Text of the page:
Lesbian couple
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Living as an independent genderqueer lesbian in India

By Roli Mahajan Friday, April 21, 2017 - 11:54
How does it feel to grow up as a genderqueer butch lesbian in India? This week, we share a personal account of a writer from Delhi who’s lost hope in finding true love…

Geraldine Miranda (name changed) is a 34-year-old writer and editor living in New Delhi.

Finally an adult

Being an Anglo-Indian-Burmese, I have a rather disjointed cultural history. To make matters more complicated, I am also a genderqueer butch lesbian.

Some of my childhood experiences were not very easy. I was always singled out in school and college because they would always confuse my gender. I was poked fun at, punched and slapped in public, belittled and even sexually harassed.

I did not know terms like genderqueer or butch existed when I was small. Although, lesbian was used commonly but always to offend someone. I was naïve and believed that I would find love and fix everything when I grow up.

Kissing my piano teacher

I started dating a girl for the first time in college. She had an intense sense of guilt when we made out but it was my first love. I really thought I wanted to marry her. One year after our break up, my father caught me kissing my piano teacher.

I thought that was the end. I told myself that I was going to be thrown out of my home and college. I was afraid because I was only eighteen.

I was raised by my father. My parents were separated when I was very young. I was loved very much. The day my father caught me kissing another woman, I cried my heart out. I thought I was ‘failing him’. To my surprise, he was very sympathetic. He hugged me and said, “God made you the way you are, so how can it be wrong?”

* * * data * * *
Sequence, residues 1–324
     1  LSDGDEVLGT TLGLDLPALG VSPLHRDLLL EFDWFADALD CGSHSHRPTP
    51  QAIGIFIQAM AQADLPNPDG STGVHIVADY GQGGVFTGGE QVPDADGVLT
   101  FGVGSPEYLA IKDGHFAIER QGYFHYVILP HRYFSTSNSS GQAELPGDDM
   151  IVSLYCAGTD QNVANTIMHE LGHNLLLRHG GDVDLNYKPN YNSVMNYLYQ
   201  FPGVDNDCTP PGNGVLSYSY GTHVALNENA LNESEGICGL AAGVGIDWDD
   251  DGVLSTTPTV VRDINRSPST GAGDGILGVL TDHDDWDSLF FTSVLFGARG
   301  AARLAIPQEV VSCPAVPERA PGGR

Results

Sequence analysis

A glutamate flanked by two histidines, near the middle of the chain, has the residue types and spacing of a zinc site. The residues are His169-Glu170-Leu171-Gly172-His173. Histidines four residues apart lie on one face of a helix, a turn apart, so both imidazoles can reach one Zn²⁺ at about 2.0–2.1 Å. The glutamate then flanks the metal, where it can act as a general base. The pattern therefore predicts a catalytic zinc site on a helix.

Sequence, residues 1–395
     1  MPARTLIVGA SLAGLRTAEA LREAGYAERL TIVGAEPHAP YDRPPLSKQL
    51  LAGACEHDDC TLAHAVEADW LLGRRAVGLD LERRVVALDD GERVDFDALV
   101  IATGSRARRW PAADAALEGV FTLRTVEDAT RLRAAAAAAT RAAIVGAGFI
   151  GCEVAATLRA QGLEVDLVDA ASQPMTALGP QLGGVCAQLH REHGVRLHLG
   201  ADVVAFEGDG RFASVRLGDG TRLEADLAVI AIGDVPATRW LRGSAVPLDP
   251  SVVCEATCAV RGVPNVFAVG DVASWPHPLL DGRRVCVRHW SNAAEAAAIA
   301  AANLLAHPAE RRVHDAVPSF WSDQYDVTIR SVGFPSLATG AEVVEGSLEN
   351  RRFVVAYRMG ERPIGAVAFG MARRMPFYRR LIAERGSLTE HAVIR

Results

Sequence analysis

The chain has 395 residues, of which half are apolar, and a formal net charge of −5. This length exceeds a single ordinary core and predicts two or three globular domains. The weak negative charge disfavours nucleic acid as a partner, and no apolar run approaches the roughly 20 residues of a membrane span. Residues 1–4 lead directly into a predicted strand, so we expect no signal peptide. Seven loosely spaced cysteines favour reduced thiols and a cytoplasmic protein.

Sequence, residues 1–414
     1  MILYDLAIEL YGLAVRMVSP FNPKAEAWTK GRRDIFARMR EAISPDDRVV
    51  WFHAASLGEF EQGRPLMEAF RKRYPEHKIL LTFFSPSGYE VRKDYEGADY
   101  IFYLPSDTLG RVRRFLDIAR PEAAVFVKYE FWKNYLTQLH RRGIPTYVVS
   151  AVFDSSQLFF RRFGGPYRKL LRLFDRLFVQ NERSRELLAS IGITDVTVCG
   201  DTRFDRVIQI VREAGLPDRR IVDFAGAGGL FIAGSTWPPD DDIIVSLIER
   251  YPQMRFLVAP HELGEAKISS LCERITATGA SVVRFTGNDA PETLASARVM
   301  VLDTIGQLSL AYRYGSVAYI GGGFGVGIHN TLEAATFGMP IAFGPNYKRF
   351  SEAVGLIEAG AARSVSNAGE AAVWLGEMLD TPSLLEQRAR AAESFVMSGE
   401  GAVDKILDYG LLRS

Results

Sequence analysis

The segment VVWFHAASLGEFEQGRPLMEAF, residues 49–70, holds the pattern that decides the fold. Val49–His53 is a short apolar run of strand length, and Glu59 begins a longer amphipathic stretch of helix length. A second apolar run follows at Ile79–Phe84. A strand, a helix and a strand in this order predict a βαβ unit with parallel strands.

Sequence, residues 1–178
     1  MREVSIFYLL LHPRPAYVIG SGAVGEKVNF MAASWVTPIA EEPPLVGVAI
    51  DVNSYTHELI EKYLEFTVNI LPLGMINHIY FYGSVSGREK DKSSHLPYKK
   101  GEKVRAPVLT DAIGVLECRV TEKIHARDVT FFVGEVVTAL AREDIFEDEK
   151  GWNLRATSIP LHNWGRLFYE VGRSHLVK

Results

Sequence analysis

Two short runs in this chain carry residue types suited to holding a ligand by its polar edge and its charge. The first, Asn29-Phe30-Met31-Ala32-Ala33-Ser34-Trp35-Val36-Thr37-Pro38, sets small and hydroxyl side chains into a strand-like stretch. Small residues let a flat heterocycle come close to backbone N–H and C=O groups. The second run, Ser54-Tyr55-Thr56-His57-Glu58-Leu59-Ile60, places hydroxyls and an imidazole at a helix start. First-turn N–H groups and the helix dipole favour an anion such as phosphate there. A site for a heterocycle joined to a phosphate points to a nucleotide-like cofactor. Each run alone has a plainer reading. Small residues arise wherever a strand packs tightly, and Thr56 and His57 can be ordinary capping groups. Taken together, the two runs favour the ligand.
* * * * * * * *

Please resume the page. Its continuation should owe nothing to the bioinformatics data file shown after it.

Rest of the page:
Better to worse

As time passed by and my father got older, he got a little anxious and worried about me. “How will you cope? It’s so lonely out there? What will you do when I am gone?” These were his constant questions for me. I didn’t have an answer so I avoided them most of the times.

Finally, he got irritated and said, “You have really disappointed me.” His words hurt me the most. I could not blame him though — by now I had been through four relationships. I was nowhere close to finding love and emotional stability. Simply because none of them seemed to stick around long enough.

Lost love and hope

It did not matter to him that I am an independent person writing for a leading newspaper and living on my own in a major metropolitan city. My father was disappointed because I would not get married, have children and more importantly find true love. What does it mean anyway?

I have been pretty much alone after my father died. It is hard being gay, lesbian, bisexual (Yes, I have tried it with men too and found it not quite my thing) or transgender. You can never be yourself.  I find it hard to come home alone to my memories of lost love and relationships that could not work out.

I do not care anymore if people turn around for a second look on the streets or if they often mix up my gender in bathrooms, female dormitories or ladies seats on public transport. Yes, the road is marked with thorns, but I trudge on. I am sure I’ll find love. I am trying hard to be cynical about it, but somewhere I am failing hopelessly.

To protect the privacy of the author, the people in the photo are models.

Have you been in a similar situation? Share your story with us. You can comment, go on Facebook or visit our discussion forum

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